Don’t use the default messages from LinkedIn, Ecademy, Xing, Ryze and other online business networks

Do you also get so many unpersonalised requests to connect with someone on LinkedIn, Ecademy, Xing, Ryze or another online business network?

With “unpersonalised” I mean a message like the default message from LinkedIn: “I’d like to add you to my professional network on LinkedIn.”

This might work with the people you already know pretty well and who also use LinkedIn, but what with all the others?

Although more and more people have already heard of online business networks, there are still lots of people who haven’t.

When you send a message like the one above via the website itself to someone who has never heard of it, what you think will happen?

They will delete it, because they think it is SPAM !

– It is a message from an unpersonalised and to them unknown e-mail address (for example:
– It is an e-mail with the header and the looks of a company they never heard of
– It is an unpersonalised message that anyone could have sent

So please write a short note with a personal message (and maybe also the reason why you are a member of that network). Don’t use the default messages !

By the way, also send a personalised invitation message to the people you already know. This is a moment to reinforce your relationship with them. Take this opportunity to really reconnect and write a personal message (for example: refer to a common hobby or the event you have met them).

Please remember: the purpose of online business networks and tools like Plaxo is to help you build and maintain relationships, not to have a trophee collection !

Have a great networking day !



5 Responses to Don’t use the default messages from LinkedIn, Ecademy, Xing, Ryze and other online business networks

  1. Hilde Blondeel says:

    Dear Jan,
    You’re completely right on pointing out that those who use the business networks should invest more time and effort in giving a clear explanation to those with whom they seek to remain in contact. I include myself.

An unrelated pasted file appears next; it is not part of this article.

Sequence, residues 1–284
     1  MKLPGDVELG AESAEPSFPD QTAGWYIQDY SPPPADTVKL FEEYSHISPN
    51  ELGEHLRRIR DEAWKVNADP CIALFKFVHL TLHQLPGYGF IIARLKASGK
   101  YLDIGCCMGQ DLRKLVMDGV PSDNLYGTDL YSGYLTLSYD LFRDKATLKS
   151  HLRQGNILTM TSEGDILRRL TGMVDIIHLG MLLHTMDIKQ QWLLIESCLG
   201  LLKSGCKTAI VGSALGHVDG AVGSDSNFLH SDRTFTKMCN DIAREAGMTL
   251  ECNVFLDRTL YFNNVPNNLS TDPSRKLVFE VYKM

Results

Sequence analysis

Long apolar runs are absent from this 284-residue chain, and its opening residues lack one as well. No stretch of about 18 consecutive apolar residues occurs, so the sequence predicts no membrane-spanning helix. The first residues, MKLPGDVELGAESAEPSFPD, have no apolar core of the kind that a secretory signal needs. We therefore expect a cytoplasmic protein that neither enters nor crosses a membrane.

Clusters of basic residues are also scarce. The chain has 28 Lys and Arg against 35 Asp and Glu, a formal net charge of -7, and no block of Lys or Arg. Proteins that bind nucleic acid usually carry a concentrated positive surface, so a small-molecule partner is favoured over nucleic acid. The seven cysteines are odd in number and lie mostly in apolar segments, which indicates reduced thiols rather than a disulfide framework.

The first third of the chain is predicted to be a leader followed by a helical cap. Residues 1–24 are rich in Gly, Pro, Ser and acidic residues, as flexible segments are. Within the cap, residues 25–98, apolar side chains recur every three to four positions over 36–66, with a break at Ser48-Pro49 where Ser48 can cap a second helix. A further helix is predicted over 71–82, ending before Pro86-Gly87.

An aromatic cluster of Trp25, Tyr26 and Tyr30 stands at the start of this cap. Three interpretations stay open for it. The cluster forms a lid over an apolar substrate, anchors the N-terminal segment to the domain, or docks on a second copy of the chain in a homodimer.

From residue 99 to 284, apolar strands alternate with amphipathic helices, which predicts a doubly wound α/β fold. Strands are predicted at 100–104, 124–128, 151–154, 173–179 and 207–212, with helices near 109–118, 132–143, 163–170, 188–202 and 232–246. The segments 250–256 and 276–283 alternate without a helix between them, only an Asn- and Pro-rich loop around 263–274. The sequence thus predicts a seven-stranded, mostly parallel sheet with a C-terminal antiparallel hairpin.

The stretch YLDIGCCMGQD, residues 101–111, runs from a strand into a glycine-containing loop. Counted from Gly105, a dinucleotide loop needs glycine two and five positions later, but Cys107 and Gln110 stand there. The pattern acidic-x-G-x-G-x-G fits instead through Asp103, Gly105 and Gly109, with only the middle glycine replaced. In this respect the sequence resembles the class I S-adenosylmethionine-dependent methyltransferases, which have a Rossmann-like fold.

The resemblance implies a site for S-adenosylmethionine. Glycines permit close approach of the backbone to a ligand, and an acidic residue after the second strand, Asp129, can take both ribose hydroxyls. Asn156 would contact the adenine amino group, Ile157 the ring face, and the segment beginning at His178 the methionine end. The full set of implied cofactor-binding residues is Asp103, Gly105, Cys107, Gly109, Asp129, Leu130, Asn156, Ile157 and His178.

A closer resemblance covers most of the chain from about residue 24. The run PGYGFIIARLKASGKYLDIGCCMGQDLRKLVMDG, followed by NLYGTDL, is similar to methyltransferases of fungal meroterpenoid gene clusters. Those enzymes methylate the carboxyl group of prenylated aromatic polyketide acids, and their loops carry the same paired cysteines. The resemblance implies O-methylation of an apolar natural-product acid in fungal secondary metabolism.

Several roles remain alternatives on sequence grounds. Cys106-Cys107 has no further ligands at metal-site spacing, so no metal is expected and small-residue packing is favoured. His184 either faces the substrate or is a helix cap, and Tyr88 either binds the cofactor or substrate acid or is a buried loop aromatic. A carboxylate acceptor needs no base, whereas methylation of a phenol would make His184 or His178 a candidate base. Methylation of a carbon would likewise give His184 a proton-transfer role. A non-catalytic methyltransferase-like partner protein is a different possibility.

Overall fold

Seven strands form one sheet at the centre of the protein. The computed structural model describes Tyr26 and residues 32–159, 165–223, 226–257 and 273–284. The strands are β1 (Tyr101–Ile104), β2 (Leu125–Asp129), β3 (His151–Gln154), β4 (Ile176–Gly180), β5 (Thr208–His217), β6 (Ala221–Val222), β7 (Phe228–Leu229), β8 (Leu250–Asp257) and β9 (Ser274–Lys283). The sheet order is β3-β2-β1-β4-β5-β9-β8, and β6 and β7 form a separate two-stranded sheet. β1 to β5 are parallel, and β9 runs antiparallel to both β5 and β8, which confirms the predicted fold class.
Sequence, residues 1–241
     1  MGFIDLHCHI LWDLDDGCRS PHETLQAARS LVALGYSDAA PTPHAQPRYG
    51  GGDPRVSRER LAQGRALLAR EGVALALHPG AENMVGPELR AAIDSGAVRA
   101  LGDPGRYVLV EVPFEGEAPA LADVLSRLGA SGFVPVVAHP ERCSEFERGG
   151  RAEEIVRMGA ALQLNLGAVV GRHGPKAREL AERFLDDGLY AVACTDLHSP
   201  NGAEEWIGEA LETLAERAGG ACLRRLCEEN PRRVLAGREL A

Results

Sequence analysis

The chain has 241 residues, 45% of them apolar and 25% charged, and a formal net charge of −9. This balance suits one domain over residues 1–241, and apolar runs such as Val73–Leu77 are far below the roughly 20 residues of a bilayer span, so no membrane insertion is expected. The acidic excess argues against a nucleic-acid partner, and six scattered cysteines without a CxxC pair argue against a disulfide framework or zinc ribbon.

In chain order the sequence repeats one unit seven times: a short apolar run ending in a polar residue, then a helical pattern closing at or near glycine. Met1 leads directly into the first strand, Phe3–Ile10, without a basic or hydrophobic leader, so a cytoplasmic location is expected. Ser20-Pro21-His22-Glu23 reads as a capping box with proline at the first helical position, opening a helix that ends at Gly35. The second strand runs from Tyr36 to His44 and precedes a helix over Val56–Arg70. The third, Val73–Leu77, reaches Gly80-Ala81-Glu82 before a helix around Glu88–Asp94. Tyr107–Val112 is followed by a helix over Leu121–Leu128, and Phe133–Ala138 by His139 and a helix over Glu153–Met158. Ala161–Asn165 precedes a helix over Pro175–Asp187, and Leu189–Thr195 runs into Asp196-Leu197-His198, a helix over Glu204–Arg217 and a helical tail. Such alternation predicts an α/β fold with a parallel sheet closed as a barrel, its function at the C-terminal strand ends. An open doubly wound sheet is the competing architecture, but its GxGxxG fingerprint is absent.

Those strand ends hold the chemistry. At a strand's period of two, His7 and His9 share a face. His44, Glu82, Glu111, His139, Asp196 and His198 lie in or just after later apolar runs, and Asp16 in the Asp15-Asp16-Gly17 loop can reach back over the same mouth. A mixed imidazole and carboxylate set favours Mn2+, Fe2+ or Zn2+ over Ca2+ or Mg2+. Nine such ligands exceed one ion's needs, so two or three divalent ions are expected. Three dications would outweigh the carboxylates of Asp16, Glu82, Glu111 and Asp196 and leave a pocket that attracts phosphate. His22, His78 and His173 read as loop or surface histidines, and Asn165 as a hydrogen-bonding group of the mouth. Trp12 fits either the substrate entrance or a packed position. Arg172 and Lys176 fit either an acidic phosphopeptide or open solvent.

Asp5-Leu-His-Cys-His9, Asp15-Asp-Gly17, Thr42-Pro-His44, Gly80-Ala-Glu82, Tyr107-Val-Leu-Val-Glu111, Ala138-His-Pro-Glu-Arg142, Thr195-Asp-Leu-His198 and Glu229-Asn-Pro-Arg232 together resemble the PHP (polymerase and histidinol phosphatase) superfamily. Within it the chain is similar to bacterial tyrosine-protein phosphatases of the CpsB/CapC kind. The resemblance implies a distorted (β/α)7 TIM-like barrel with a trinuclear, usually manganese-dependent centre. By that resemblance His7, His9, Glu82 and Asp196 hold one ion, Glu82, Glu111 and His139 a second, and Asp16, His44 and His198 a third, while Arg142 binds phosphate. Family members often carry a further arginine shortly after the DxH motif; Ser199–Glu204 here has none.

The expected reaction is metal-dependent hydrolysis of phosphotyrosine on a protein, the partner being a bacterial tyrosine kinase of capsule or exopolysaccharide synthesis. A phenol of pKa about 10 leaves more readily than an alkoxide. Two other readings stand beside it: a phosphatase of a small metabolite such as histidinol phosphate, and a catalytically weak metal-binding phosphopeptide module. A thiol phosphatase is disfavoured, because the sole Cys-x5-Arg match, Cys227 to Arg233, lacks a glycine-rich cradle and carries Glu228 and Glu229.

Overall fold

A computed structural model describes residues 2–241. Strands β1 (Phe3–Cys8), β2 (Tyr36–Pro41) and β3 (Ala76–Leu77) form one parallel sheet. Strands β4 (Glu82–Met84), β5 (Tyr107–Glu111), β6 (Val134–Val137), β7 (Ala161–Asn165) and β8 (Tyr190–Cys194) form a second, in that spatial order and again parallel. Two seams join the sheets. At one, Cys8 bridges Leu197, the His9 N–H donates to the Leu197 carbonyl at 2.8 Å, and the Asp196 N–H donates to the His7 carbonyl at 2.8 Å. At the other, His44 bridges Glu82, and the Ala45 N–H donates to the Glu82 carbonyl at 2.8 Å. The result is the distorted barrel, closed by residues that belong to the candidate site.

True, when I receive an invitation I feel concerned but secondly I’m left with the question: “What does (s)he wants from me?”. Afterward not a lot or nothing happens.
    In my opinion making people aware of how to establish human contant throughtout the internet is important. You’re a pioneer. Go on with the good work! Success, Hilde

  2. Peter says:

    Hi Jan,

    Congratulations! Once again, the wisdom of this article lies in it’s simplicity. Indeed, nothing is more annoying than receiving a default message from someone you haven’t met before, as it degrades you as a (business) person to a number and most of the time it doesn’t result in anything. Personally, I find online networking the easiest way to meet new people but at the same time, by far the most dangerous one. Unpersonal invitations or seeking for new contacts to have a nice – as you say it – trophee collection, is the easy way out and only gives satisfaction in the short run. But building on long term relationships and a succesful network, asks for more efforts and especially: more time.

    As the internet in general and online networking in specific are still a bit like the new kids on the block for lots of people, I think we all must ask ourselves the question: Are we still respecting the human aspects through our networking actions? I think such “standing for the mirror” moments would already allow us all to avoid falling into the trap of cold and unsuccessful prospecting.

    Looking forward to reading more from you!


  3. […] By the way, ALWAYS personalize your invitations, responses and other messages (see also a previous post about this […]

  4. Fran Steele says:

    In the last few weeks it seems like LinkedIn won’t allow me the option to personalize my invitation before it is sent. Can someone show me how to fix this problem? Thanks!

  5. Ian Cleary says:

    If you’re e-mailing someone to connect with them you wouldn’t write an e-mail saying you want to connect. You would give them a good reason for connecting. Make sure you have a good reason for connecting on LinkedIn also. If you don’t then it’s not worth your while.

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